The newer generation of rapid testing systems, known as digital immunoassays (DIAs), provides an objective, digital result while maintaining sensitivity. A poster presented at ID Week 2016 showed that novel DIAs have higher sensitivity for influenza A and B compared to traditional RIDTs, with equal specificity when compared to a high-sensitivity reference test.8

POCT and workflow

During busy winter months when flu, strep, and RSV seasons overlap, healthcare practices are best served by diagnosing and identifying treatments in one consultation, reducing the need for follow-up visits or communication. DIAs, which can produce results in under 15 minutes, can streamline the POC diagnostic workflow and enable providers to quickly review patient results to assist in determining the appropriate treatment in a single consultation.6 Systems that integrate with electronic medical records (EMR) or laboratory information systems (LIS) can improve workflow by avoiding potential errors associated with manual documentation and provide physicians with easier access to test results. Connecting to EMRs and LISs is also important for pooling information for data analytics and medical billing.

Quick, accurate diagnosis is critical to managing respiratory infections. DIAs can help healthcare providers quickly identify infections, determine the cause, and assign an appropriate treatment, while helping to minimize the overuse of antibiotics and ancillary testing. Wireless digital immunoassays help providers manage their workflow and treat patients quickly. Many lab managers are considering the addition of a digital rapid diagnostic test to aid their institutions in managing the annual influx of respiratory infections.

How did your lab fare with regard to the points discussed above? Do you plan to implement any changes in time for the 2017-2018 season?

REFERENCES

  1. Centers for Disease Control and Prevention. The flu season. http://www.cdc.gov/flu/about/season/flu-season.htm.
  2. Centers for Disease Control and Prevention. Respiratory Syncytial Virus (RSV).
    http://www.cdc.gov/rsv/research/us-surveillance.html.
  3. Shapiro JS, Hicks LA, Pavia AT, Hersh AL. Antibiotic prescribing for adults in ambulatory care in the USA, 2007–09. J. Antimicrob. 2013;69(1):234-240.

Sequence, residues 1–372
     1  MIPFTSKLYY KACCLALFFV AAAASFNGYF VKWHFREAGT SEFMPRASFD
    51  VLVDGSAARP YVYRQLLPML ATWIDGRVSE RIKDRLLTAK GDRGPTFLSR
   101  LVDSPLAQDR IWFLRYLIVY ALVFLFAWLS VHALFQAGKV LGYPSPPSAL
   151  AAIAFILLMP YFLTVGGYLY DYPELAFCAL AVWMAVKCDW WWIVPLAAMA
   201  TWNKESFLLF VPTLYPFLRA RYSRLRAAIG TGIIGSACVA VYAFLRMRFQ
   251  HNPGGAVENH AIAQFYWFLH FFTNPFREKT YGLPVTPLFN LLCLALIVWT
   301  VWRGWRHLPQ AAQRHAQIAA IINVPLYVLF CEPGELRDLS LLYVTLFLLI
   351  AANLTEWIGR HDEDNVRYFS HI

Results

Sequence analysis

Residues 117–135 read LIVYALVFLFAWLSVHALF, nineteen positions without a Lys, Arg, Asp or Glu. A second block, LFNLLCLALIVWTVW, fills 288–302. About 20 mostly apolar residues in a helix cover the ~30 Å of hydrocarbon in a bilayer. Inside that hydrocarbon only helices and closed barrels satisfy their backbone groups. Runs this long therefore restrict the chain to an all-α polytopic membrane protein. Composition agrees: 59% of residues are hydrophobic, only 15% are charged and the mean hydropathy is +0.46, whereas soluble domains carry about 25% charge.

4. Blaschke AJ, Shapiro DJ, Pavia AT, et al. A national study of the impact of rapid influenza testing on clinical care in the emergency department. J Pediatric Infect Dis Soc. 2014;3(2):112-118.
  5. Gerber MA, Shulman ST. Rapid diagnosis of pharyngitis caused by Group A streptococci. Clin Microbiol Rev. 2004;17(3):571-580.
  6. Centers for Disease Control and Prevention. Rapid influenza diagnostic tests.
    http://www.cdc.gov/flu/professionals/diagnosis/clinician_guidance_ridt.htm.
  7. Yamaguchi I, Aoyama T, Yamamoto M, et al. Evaluation of the sensitivity of a densitometry system, in judging the result of influenza virus antigen-detection kit using immunochromatography]. J Japan Soc for Clin Microbiol. 2014;24(2):69-70.
  8. Merckx J, Wali R, Schiller I, et al. Diagnostic accuracy of novel and traditional rapid tests for influenza infection compared to RT-PCR: a systematic review and meta-analysis. Poster presented at: ID Week; October 2016; New Orleans, LA.

 


 

Patrick Murray, PhD, serves as senior director, Worldwide Scientific Affairs, for BD, manufacturer of the BD Veritor Plus™System. He has been professor of pathology and medicine at the Washington University School of Medicine, director of the clinical microbiology laboratories at the University of Maryland Medical Center, and chief of microbiology and senior scientist at the NIH Clinical Center. In July 2011, he accepted his current position at BD Life Sciences.